Jesonian… June 3rd, 2017

 Jonathots Daily Blog

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This week, one of my sons will celebrate his birthday. He is the pastor of a church. Like most children, he has grown up to be his own man and sometimes listens to my counsel, but many times opts to pursue different voices.

It is the way of our tribe.

But as I considered his birthday, I realized that he does not require a new shirt, pants, tennis shoes or a subscription to “Boys Life.” He has the ability to get all of those things on his own.

What he needs from me is what I have always given him–an honest report. So as a gift to my son, and maybe even a piece of usable information for you, I present the “Seven Practices of a Good Shepherd.”

I use Jesus as my example. If you’re going to be a Good Shepherd–a pastor or leader of human souls:

1. Don’t mess, interfere, refer to, question or condemn anyone’s sex life.

When a crowd of people tried to get Jesus to discuss adultery, he turned away, stooped down and fiddled in the dirt as if he never heard them.

2. Stop trying to make friends.

You’ve been called to make disciples. That is the root word for discipline. As a shepherd, your journey will be to guide people in the direction of their better possibility. Sometimes they will be grateful; sometimes they will be temporarily offended. But they must always know that your heart is to see them “grow to the fullness of the measure of the stature of Christ.”

3. No preaching, a little teaching, tell stories, make it visual.

Jesus never preached a sermon. He took time to teach his disciples. He told stories to the masses. But most importantly, he gave visual evidence of the power of his word by transforming lives.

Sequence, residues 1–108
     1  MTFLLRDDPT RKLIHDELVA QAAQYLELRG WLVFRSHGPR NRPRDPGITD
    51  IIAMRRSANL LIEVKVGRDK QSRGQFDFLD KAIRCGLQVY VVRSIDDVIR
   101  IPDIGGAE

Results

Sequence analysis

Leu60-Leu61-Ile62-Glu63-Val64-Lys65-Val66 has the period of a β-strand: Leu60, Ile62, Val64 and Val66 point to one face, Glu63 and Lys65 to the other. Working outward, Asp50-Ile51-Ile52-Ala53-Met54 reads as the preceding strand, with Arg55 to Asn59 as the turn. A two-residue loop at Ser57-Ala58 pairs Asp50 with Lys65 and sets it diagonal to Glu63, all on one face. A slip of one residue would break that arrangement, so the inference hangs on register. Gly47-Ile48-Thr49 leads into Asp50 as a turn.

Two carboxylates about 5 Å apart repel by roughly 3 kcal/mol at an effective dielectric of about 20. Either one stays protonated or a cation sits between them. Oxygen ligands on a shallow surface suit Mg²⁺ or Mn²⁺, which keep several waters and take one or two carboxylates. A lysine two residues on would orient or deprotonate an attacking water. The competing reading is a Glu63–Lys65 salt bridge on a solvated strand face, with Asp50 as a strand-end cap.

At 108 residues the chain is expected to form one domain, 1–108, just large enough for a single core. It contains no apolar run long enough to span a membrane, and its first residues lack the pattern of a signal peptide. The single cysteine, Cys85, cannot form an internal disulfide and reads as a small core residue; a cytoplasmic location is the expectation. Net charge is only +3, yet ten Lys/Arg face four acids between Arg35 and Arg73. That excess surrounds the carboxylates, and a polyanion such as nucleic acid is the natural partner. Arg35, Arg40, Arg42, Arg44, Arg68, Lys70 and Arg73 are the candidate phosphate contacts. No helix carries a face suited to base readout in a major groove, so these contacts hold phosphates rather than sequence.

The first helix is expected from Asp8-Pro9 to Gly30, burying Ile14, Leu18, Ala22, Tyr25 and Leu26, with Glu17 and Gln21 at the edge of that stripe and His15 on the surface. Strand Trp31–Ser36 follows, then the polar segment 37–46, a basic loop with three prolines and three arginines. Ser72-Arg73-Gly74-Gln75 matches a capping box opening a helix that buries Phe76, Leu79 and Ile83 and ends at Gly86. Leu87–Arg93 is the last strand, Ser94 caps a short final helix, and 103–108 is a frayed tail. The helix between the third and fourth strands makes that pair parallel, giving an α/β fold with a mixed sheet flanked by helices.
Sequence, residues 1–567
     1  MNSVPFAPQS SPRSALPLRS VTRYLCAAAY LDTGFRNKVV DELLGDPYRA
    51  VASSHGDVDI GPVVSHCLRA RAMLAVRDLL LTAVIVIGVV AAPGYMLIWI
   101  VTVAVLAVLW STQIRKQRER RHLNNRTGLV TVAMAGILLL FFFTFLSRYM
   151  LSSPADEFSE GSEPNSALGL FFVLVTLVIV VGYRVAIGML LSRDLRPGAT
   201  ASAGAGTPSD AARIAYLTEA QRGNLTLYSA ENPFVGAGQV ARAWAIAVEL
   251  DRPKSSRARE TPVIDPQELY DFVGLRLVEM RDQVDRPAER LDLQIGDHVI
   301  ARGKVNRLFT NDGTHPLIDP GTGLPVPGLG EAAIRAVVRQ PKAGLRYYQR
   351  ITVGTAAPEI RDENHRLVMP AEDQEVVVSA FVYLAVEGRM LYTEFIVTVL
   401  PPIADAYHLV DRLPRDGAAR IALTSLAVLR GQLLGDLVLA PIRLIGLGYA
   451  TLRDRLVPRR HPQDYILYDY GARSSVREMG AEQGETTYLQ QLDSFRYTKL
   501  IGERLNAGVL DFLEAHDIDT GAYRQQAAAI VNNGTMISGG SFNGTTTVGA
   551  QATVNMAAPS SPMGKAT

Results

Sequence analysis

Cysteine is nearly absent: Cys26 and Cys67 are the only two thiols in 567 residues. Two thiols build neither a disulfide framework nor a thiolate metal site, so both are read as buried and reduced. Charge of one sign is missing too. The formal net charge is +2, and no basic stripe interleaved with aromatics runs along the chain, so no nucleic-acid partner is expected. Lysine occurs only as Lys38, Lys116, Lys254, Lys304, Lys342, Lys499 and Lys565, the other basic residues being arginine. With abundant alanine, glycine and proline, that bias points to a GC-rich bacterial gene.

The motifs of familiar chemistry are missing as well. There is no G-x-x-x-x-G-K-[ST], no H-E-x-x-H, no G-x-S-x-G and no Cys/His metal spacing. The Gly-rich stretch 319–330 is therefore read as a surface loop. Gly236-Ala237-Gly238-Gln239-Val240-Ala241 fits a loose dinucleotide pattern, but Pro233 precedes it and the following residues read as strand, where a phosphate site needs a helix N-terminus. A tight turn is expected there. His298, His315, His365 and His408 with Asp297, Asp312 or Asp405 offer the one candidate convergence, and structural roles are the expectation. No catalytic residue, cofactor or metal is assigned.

4. Family is not everything.

Although we seem trapped in an overly sympathetic mood toward those who share our DNA, Jesus was faithful to his kin until his kin refused to be faithful to his mission. When his family thought he was crazy for preaching the Gospel, he walked away from them until they could grow up.

5. Touch the heart, stir the soul, renew the mind, strengthen the weak.

If you’re not emotionally connecting with people, you can never stir their souls. Therefore their minds will remain concrete, and they will be weakened by their own lack of maturity.

6. Respect free will.

Although you may be tempted to tell people that God has a wonderful plan for their life, the truth of the matter is, God has a wonderful life for their plan. There’s only one thing greater than love–that’s free will.

Even though God loved the world, when the world did not love Jesus, he granted free will to them to make their own decision. From that poor choice–to crucify–He granted them salvation through Jesus’ blood.

If God gives free will, a Good Shepherd can never take it away. So when people decide not to like you, honor their decision.

7. Religion kills.

If you don’t know what religion is, it can be defined simply as a belief in some sort of plan to reach God.

God does not need to be reached. He has done all the reaching. God needs to be acknowledged. God needs to be included. There is no magical plan of salvation. Salvation is when we finally grow permanently comfortable with the fact that God loves us.

So there’s my gift to my son, which I hope you may find of interest also.

I shall tell him that this is his birthday present from his dad, and I hope he likes it … because I didn’t keep the receipt.

 

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Good News and Better News… April 17th, 2017